Which is the most eco-friendly fabric to wear?


There are several that come to mind. Wool is one of cou […]

There are several that come to mind.

Wool is one of course it is very adaptable and the sheep tend to be very good at changing grass and water into this excellent product.

Other fibres are not so well recognised are Hemp (yes THAT plant), but it can be made into quite good yarn and fabric. Kenaf is also very similar and is apparently also capable of similar use. These are like wool, quite durable and can be grown in very dense plots although they do need a good water supply so should only be planted in high rainfall areas.

Cotton, NO NOT bloody likely.. Here in Australia it is being inefficiently grown in some inland areas where the water supply is rather dodgy. As a result one of our largest rivers is not stuffed fro excessive removal of the water both directly from the streams and from the ever lowering water table. Cotton should ONLY be grown in areas where the conditions are suitable. This goes for all crops of cause. Cotton also has a huge requirement for chemicals to aid growth and pest control. I do not actually have a problem with cotton so long as it is not being grown inefficiently in “My Backyard”.

Bamboo, now here is an interesting fibre. Well actually, two fibres. There is the fibre gained by direct break down of the bamboo stem. and this is really a good strong fibre but is seldom seen in fabrics. I do not know how good it is for clothing. The other “Bamboo” fibre is actually Rayon produced from a different feed stock. Rayon was traditionally made from wood although it can be produced from almost any source of cellulose. For the bamboo sourced product the basic process is the same. The feedstock is treated with chemicals that dissolve the cellulose. For rayon this is usually hot caustic soda (Sodium Hydroxide) solution. This product is then fed through a series of fine holes into an acidic bath. This regenerates the structure into threads for spinning and weaving. The rayon industry is noted for it’s use of some rather nasty chemical but is now days also noted for it’s recycling of these reagents. There have been some very bad accidents in the past however. I have given a very brief account of this, for more on this product have a look at; Viscose - Wikipedia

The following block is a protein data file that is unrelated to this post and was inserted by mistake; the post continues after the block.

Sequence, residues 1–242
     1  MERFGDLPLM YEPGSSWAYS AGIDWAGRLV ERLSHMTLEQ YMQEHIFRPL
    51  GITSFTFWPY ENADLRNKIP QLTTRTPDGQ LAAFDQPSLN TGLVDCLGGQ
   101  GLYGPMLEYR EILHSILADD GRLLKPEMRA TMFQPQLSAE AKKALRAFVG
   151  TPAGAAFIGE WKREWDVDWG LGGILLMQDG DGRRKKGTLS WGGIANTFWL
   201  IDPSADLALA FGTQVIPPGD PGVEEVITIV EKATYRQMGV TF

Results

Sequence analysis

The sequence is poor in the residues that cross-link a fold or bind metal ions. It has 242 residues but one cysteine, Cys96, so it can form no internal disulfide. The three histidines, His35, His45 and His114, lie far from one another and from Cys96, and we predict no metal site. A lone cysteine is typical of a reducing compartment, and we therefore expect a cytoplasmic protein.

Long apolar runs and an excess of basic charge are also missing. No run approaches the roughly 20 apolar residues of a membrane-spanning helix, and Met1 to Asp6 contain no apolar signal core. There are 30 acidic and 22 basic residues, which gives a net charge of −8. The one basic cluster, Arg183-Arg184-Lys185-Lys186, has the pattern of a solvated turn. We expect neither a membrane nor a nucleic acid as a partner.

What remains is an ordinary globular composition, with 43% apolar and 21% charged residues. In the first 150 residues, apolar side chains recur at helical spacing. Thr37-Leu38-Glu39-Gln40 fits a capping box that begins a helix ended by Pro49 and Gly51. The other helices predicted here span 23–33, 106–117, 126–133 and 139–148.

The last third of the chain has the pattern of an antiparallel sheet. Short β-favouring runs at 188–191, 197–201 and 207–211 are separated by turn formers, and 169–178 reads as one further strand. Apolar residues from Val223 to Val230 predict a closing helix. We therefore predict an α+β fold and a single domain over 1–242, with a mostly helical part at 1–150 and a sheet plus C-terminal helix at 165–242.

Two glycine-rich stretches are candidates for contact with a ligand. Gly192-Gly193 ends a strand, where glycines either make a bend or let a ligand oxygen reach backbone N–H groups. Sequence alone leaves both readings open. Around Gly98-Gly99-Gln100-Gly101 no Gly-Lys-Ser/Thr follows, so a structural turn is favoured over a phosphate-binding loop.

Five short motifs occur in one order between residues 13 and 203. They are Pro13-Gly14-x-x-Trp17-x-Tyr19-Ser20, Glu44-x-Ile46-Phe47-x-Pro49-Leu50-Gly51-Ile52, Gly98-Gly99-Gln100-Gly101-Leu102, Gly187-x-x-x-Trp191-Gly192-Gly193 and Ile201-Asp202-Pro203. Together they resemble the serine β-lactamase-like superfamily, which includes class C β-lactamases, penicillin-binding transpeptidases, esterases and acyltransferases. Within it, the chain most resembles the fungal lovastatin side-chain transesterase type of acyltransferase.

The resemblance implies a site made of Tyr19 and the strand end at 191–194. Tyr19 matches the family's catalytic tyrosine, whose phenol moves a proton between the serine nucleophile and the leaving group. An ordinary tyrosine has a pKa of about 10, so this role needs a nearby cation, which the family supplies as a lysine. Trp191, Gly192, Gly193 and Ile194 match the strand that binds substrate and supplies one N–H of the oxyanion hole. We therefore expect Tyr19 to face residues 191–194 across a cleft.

Now I come to the real synthetic products. Are any of them worthy of being called eco friendly? It is very difficult to work out which if any individual fibre is better. Most are based upon petro chemical (oil) or coal by-products, The production of many of these is not necessarily bad so long as good house keeping is maintained. The big problem is that they are not readily recycled for reprocessing and if dumped they do not decompose into innocuous residue. Reprocessing might be OK were it not for the trend of mixing different types of fibre together. Sometimes you can even find Polyester and Rayon together. The term “Polyester” is a blanket term that actually covers several similar products but with different chemical structure.IFR Stage Curtain Fabric manufactures

I see some of here has suggested Leather. Now that is not such a bad idea although it does tend to be expensive now and if more people began demanding it the price would really go high.

What do I wear? Well as it is cold right now I actually have almost all of the above, good and bad, with the exceptions of Hemp/Kenaf or Bamboo/ Rayon on right now. We are somewhat at the mercy of manufacturers in what is available at a reasonable/ affordable price, so in spite of my grievance with some of these I am economically forced to go along for now.